VI. Pre-Vatican II Catholics who loved and respected the Church (my parent's generation and some of their non-rebellious baby boomer children) were completely confused and disgusted with many of the reforms of the church that initially looked promising when done conservatively but became caricatures of themselves as time progressed, especially the rampant disregard for traditional Catholic obedience, piety and reverence. The Baltimore Catechism was through out for touchy-feeling catechesis, what many now call vapid coloring book Catholicism.
VII. Many pre-Vatican II Catholics stopped practicing the faith by the late 1970's (my parent's generation out of disgust) and their children stopped practicing out of rebellion and a fierce individualism when it came to faith and worship as well as morality.
VIII. Those who remained in the Church became detached from anything authoritative as they thought things would continue to change. Two generations of post Vatican II Catholics saw priests and nuns get married, Catholic schools closing and religious education in total disarray.
IX. By the 1980's word was getting out about the sexual promiscuity of some of the clergy and religious especially in the 1960's and 1970's. Most unbelievable was the abuse of children and teenagers by priests. Many lay Catholics refused to believe the reports coming out or downplayed its significance. But scandals kept being reported in both the religious and secular press.
X. After the turn of the century, the Boston Globe brought the true proportions of the scandal to light in the USA (it had already happened in Canada) and then other countries experienced it in Europe, first in Ireland, then Belgium and other places.
Clearly this sex abuse scandal is more deleterious to Catholicism and the practice of it compared to anything that preceded it but more than likely was/is a part of the liberalization of the Church and the refusal of bishops to properly manage not only their dioceses but their priests and make hard decisions about firing them when they egregiously were unfaithful to their promises, to their Church, to their parishioners and most of all to their God.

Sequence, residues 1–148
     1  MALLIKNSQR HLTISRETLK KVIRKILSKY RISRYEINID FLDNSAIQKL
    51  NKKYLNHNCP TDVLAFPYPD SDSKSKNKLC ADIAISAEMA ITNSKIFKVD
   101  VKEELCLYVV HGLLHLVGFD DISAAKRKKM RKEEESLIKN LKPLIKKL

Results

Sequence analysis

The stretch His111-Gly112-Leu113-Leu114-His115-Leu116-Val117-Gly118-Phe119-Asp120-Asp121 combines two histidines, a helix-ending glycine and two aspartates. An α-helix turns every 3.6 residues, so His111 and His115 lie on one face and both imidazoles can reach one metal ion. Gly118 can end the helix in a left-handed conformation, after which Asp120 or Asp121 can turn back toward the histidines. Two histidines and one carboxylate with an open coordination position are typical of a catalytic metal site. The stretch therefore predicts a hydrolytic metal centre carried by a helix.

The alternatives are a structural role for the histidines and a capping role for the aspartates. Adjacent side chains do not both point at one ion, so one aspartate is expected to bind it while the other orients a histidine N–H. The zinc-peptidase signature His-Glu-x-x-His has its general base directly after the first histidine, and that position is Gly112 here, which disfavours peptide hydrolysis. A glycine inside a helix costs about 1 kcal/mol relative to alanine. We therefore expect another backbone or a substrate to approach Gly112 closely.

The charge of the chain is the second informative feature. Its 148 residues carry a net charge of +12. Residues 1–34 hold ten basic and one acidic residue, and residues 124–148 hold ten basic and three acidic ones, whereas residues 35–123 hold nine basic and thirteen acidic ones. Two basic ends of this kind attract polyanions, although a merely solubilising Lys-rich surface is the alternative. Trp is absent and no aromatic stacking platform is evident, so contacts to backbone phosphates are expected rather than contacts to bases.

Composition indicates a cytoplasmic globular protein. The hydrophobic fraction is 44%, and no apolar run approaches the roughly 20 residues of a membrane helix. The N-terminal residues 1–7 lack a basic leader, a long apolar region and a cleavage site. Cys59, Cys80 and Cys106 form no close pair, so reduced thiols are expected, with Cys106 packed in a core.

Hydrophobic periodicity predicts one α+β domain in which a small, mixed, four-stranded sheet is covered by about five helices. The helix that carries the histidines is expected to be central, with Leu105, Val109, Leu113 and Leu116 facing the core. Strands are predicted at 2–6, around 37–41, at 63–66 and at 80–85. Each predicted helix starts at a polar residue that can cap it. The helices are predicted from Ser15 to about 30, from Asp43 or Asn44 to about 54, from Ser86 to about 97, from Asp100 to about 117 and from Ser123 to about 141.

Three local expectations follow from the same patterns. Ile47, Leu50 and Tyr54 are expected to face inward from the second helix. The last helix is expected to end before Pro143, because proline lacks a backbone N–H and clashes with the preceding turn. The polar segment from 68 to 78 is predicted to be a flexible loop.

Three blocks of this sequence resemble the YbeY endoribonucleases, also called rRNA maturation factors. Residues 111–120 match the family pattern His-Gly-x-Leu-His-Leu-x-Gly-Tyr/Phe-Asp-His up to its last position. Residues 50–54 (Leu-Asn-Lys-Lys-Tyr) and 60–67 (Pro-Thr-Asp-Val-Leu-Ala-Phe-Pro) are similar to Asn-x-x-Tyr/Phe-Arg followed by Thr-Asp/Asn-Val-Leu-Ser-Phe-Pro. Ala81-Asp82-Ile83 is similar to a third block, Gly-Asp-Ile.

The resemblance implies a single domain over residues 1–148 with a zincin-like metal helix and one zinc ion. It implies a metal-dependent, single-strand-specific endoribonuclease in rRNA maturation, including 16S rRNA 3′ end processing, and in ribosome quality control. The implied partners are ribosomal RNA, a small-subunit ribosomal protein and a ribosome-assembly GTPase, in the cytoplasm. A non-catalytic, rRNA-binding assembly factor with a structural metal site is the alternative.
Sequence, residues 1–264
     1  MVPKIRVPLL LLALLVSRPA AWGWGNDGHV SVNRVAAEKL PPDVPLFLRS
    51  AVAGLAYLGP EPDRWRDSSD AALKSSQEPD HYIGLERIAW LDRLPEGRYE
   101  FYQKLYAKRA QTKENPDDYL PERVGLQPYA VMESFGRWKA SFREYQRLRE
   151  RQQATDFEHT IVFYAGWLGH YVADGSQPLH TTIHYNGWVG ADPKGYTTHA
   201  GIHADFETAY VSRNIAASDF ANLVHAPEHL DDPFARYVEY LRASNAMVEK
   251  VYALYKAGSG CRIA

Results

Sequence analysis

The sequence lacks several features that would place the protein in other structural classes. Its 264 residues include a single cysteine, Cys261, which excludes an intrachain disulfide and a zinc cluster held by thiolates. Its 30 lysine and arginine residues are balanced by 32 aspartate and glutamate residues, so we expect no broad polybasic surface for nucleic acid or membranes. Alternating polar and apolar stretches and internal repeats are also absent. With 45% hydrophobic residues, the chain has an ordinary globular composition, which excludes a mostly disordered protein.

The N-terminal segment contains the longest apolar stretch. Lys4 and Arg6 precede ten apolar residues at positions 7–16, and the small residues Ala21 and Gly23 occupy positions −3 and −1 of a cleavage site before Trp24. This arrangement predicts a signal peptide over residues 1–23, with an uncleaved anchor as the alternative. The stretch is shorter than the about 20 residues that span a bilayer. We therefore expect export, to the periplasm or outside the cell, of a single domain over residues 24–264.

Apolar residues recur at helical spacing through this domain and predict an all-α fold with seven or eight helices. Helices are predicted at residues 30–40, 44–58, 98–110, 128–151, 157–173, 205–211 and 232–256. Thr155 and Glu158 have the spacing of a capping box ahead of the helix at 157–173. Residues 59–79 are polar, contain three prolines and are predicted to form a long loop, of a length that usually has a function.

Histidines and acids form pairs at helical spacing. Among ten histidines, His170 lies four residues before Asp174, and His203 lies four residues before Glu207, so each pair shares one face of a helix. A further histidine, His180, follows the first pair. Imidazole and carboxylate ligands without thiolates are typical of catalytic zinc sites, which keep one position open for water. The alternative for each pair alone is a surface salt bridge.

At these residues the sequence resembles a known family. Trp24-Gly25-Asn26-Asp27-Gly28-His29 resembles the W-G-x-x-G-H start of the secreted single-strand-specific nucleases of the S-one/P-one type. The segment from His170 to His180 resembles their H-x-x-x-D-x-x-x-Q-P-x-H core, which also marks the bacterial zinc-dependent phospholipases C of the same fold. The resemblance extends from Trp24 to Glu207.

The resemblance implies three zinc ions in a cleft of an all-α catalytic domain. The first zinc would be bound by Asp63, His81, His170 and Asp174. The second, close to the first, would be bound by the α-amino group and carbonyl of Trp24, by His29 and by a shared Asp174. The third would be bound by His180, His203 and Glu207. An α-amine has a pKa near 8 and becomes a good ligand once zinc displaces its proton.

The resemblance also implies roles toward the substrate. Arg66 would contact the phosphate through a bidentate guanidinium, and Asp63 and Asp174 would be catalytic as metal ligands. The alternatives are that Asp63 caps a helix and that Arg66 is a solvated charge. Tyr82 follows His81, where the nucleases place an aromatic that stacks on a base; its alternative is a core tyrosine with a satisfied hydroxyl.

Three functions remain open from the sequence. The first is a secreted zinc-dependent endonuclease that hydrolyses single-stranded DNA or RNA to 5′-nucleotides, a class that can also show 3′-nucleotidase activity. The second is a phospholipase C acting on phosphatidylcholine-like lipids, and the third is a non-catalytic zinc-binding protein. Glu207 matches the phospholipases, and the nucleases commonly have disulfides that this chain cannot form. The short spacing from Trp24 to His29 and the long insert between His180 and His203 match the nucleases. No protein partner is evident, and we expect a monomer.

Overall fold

XI. Because of the very poor experience of the Church Catholics had for the past 40 years, many succumbed to secularism, individualism and contempt for traditional Catholic beliefs and morals. 80% have stopped attending Mass and many of them have become Protestants as unbridled ecumenism blurred the distinctive truths of the Catholic Church and the Catholic Church by many ecumenists was no longer seen as the one, true Church.
XII. But it brings us to the final analysis. The Law of Prayer is the Law of Belief and traditional piety and reverence for Catholic Prayer was greatly compromised by universal decree of the Second Vatican Council and for its unfounded "spirit" subsequent to it. Yes, the banal changes in the Mass and its music and total confusion of what the Mass is remains at the root cause in the decline of church attendance and the weakening of the Catholic Church and the immorality of clergy and laity or now we must say their amorality.
But as Pope Benedict has said, success is not our goal but faithfulness and we might have to become a smaller church in order to be a faithful Church. The reform of the reform in continuity as well as the restoration of the Tridentine Mass are strokes of genious from His Holiness and shows that we can't show contempt for that which preceded Vatican II, espcially for the traditional Mass and still have an authentic renewal of the Church, Her Faith, Her Morals and Her Laws.
The Law of Prayer is the Law of Faith. If the law is compromised as it was in the spirit of Vatican II the faith too is seriously compromised.